The failure to achieve Revolutionary transparency by regulating the time and space of office work meant that the problem of evaluating the performance of individual administrators remained unsolved. Collaborative work practices – individual administrators were expected to work as part of a chain of correspondence rather than as individual authors and producers — meant that no one administrator was ever to blame. The impenetrable nature of individual responsibility in an ‘organic’ administration manifested itself almost immediately during attempts to purge the offices of ‘hirelings’ in the early 1790s. As politicians looked to link individual administrators to particular policies, the difficulty of blaming any one person, or office, for acts carried out by the administration as a whole, became frustratingly apparent. The collaborative nature of office production meant that journalists and politicians found it difficult to make their allegations stick. As a result, some administrators — including, as we will see, Luc-Antoine Donin de Champagneux, chief of the First Division of the Ministry of Foreign Affairs in 1793 — found themselves incarcerated as ‘suspects’ with little hope of a trial.
KeywordsForeign Affair Secretary General Political Opinion Office Politics Partisan Politics
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- 9.On the well-known struggle for power between the rival Revolutionary factions, the Girondins and Montagnards, see (among others) Albert Mathiez, Girondin et Montagnard (Paris, 1930); M.J. Sydenham, The Girondins (London, 1961); Alison Patrick, The Men of the First French Republic: Political Alignments in the National Convention of 1792 (Baltimore, 1972); Patrice Higonnet, ‘The social and cultural antecedents of Revolutionary discontinuity: Montagnards and Girondins’, English Historical Review, 100 (1985), 513–543; Gary Kates, The Cercle Social, the Girondins, and the French Revolution (Princeton, 1985); Morris Slavin, The Making of an Insurrection: Parisian Sections and the Gironde (Cambridge, MA, 1986). Champagneux edited Madame Roland’s posthumous memoirs. His son, Léon, married Eudora Roland on 13 December 1796.Google Scholar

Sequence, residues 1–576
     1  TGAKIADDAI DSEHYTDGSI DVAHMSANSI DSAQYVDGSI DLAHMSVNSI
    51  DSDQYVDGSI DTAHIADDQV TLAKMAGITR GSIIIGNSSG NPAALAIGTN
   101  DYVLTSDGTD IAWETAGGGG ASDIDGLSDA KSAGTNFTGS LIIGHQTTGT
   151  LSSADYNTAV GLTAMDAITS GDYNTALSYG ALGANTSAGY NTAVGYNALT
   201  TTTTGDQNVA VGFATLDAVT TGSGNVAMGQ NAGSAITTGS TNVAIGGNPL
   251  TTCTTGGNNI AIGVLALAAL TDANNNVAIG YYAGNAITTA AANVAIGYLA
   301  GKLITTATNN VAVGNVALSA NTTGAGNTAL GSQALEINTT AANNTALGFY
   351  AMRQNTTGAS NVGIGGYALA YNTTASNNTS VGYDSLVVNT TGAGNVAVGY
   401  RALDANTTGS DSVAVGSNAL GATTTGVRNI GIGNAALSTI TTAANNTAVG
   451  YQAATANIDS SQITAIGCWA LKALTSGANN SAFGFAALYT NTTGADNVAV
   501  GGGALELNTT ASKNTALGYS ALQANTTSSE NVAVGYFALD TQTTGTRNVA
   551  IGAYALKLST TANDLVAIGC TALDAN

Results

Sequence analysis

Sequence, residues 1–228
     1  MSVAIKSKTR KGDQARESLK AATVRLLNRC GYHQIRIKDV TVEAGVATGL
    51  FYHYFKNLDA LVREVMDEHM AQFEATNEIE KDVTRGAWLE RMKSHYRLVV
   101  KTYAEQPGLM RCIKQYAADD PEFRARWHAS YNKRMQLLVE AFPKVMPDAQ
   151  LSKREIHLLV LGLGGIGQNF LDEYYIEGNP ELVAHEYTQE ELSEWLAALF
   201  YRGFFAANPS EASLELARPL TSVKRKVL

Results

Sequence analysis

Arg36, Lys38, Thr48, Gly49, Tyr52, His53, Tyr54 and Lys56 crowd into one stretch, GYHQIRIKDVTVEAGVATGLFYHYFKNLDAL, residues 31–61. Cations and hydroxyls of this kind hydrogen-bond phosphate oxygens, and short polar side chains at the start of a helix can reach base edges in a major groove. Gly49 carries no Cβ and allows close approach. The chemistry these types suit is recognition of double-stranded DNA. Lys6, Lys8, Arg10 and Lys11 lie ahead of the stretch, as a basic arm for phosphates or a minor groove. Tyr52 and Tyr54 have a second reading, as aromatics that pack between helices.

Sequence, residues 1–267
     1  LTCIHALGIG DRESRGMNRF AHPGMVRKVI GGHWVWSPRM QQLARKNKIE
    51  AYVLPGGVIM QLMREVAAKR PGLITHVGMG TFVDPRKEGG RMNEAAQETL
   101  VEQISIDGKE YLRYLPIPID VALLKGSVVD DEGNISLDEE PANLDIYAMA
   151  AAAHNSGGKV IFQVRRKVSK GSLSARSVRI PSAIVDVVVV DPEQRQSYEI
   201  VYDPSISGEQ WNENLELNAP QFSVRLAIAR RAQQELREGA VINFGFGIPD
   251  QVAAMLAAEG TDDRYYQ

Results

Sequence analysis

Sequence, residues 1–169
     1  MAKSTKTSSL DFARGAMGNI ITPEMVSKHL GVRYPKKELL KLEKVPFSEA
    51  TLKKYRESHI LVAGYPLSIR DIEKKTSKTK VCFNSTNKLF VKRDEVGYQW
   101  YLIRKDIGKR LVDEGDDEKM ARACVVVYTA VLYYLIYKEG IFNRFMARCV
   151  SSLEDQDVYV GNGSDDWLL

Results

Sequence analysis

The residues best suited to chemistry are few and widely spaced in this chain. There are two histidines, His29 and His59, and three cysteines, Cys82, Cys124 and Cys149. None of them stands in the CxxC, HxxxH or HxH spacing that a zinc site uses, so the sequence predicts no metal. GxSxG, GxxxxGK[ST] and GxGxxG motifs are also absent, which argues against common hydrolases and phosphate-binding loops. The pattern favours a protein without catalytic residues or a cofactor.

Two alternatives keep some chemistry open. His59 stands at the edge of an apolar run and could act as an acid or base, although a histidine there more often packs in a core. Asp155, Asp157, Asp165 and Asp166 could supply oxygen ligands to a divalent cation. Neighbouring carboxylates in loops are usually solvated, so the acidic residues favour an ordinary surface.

- 16.Bertrand Poirot-Delpech, Papon: un crime de bureau (Paris, 1998) 202; for the proceedings of his trial, see Le procès de Maurice Papon, 2 vols (Paris, 1998).Google Scholar
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- 28.The problem of disciplining authorship during the Revolution was not limited to government offices. The collapse of the royal institutions regulating the book trade in 1789 forced the Revolutionaries to tackle the problem of individual literary property, both to stem a flood of anonymous, seditious pamphlet literature and to protect the financial integrity of publishing houses. The Constituent Assembly tackled the first problem with the incorporation of a law on libel and sedition into the Constitution of 1791, criminalizing anonymity and making authors legally responsible for their texts. In the law of 19 July 1793, the Convention went further by establishing limited property rights for authors (to recompense intellectual activity) while entering all works eventually into the ‘public domain’: see Carla Hesse, ‘Enlightenment Epistemology and the Laws of Authorship in Revolutionary France, 1777–1793’, Representations, 30 (1990), 109–137.CrossRefGoogle Scholar
- 51.On Old-Regime pensions see Vida Azimi ‘Les traitements des agents publics sous l’ancien régime’, Revue historique de droit française et étranger, 67 (1989), 428–468.Google Scholar
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